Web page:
You aren't doing it wrong if no one knows what you are doing.

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bannination
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Re: Phishing and other fraud

Unread post by bannination » Fri Jan 11, 2013 5:45 pm

JTA wrote:
rstrong wrote:We just had what seems more like a lame Denial of Service attack than a hacking attempt on our mail server.

Everything slowed down on our server this morning. The mail server software was using a lot of resources. A look at the connection log showed thousands of connections in a short period of time.

According to the logs someone was repeatedly trying to log into our server as "emily" a few other names - with no email address or password. The mail server would lock an email account after so many login attempts, but they weren't trying a valid email acount.

Worse, they were opening email connections - your email client needs to open one before attempting to log in - and not doing anything. The connection would time out ten minutes later. But since they were doing this about once a second, the mail server had a LOT of connections open, was using up resources, which in turn was causing problems for other programs.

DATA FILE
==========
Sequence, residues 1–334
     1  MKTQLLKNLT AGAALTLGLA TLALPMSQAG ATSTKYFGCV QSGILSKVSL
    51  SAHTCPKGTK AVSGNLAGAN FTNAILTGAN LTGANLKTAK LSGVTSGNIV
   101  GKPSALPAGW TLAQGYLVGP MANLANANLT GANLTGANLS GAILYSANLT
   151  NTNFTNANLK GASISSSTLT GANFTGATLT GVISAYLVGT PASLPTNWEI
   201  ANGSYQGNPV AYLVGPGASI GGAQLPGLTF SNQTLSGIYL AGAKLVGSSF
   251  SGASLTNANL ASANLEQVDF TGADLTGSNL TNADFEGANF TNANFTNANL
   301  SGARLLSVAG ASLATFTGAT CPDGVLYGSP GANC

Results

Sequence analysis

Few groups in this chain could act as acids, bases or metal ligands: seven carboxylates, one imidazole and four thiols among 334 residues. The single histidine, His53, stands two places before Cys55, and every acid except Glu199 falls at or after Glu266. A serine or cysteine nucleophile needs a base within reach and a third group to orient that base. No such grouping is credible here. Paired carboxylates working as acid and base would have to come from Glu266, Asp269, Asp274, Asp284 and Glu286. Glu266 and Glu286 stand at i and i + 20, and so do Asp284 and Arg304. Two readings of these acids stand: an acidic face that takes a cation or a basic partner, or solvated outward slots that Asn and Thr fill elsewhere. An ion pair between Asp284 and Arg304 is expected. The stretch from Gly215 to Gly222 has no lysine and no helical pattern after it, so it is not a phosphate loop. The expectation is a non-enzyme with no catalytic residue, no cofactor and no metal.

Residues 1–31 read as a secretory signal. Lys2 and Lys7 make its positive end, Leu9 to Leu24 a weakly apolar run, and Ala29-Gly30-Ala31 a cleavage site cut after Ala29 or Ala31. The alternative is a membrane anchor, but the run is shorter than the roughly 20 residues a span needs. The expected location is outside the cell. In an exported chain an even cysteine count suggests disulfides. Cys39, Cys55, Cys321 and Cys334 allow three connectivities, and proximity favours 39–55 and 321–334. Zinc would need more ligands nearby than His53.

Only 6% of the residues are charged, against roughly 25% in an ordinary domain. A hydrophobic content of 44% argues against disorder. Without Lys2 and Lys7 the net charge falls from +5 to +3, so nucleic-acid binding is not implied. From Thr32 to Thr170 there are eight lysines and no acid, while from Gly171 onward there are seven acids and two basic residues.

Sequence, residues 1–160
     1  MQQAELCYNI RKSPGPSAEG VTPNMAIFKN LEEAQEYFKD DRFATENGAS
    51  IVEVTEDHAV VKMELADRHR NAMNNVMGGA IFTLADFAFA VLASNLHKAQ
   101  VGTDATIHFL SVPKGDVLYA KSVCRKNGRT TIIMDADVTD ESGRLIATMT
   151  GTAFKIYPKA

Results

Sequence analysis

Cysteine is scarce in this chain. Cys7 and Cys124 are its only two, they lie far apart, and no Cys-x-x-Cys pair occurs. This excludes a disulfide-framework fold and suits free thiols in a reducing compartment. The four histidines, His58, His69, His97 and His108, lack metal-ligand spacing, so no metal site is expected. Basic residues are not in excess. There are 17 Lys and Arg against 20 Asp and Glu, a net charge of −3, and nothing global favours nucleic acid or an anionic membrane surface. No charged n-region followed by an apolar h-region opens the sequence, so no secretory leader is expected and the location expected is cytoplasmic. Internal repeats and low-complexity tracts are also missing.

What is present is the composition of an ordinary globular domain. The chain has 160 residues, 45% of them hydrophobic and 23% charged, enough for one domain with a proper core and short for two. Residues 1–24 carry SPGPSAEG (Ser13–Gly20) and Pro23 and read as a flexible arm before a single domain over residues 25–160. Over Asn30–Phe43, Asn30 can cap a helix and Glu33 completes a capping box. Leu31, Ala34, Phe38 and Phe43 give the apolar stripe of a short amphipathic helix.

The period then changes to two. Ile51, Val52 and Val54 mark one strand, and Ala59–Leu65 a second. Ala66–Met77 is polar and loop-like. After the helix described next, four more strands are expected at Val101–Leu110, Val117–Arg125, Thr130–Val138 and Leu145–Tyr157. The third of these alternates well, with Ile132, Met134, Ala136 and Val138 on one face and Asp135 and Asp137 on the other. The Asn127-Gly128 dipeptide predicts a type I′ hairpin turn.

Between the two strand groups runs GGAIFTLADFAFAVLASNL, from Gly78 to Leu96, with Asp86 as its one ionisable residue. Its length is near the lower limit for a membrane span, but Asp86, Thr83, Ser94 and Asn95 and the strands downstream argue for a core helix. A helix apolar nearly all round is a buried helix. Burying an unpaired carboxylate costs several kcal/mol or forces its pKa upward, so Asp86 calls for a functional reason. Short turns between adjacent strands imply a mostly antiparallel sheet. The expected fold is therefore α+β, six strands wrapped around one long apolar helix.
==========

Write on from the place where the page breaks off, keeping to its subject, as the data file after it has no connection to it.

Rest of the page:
The attacks came from a single IP address in Luxembourg - but that's probably an infected machine controlled from elsewhere. I blocked the address and things have returned to normal. But it could happen again from another address. I may need to fiddle with the intrusion detection stuff on the firewall.
Should have just unplugged the wires connecting your machines to Luxembourg.
Tubes, they're tubes!!!
When I was a small girl, I dreamt of standing in a room, looking at a girl who was and was not myself, who stood looking at another girl who was and was not myself. My mother took this as a nightmare. I saw it as the beginning of a career in physics.

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JTA
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Re: Phishing and other fraud

Unread post by JTA » Sat Jan 12, 2013 9:25 am

bannination wrote:
JTA wrote:
rstrong wrote:We just had what seems more like a lame Denial of Service attack than a hacking attempt on our mail server.

Everything slowed down on our server this morning. The mail server software was using a lot of resources. A look at the connection log showed thousands of connections in a short period of time.

According to the logs someone was repeatedly trying to log into our server as "emily" a few other names - with no email address or password. The mail server would lock an email account after so many login attempts, but they weren't trying a valid email acount.

Worse, they were opening email connections - your email client needs to open one before attempting to log in - and not doing anything. The connection would time out ten minutes later. But since they were doing this about once a second, the mail server had a LOT of connections open, was using up resources, which in turn was causing problems for other programs.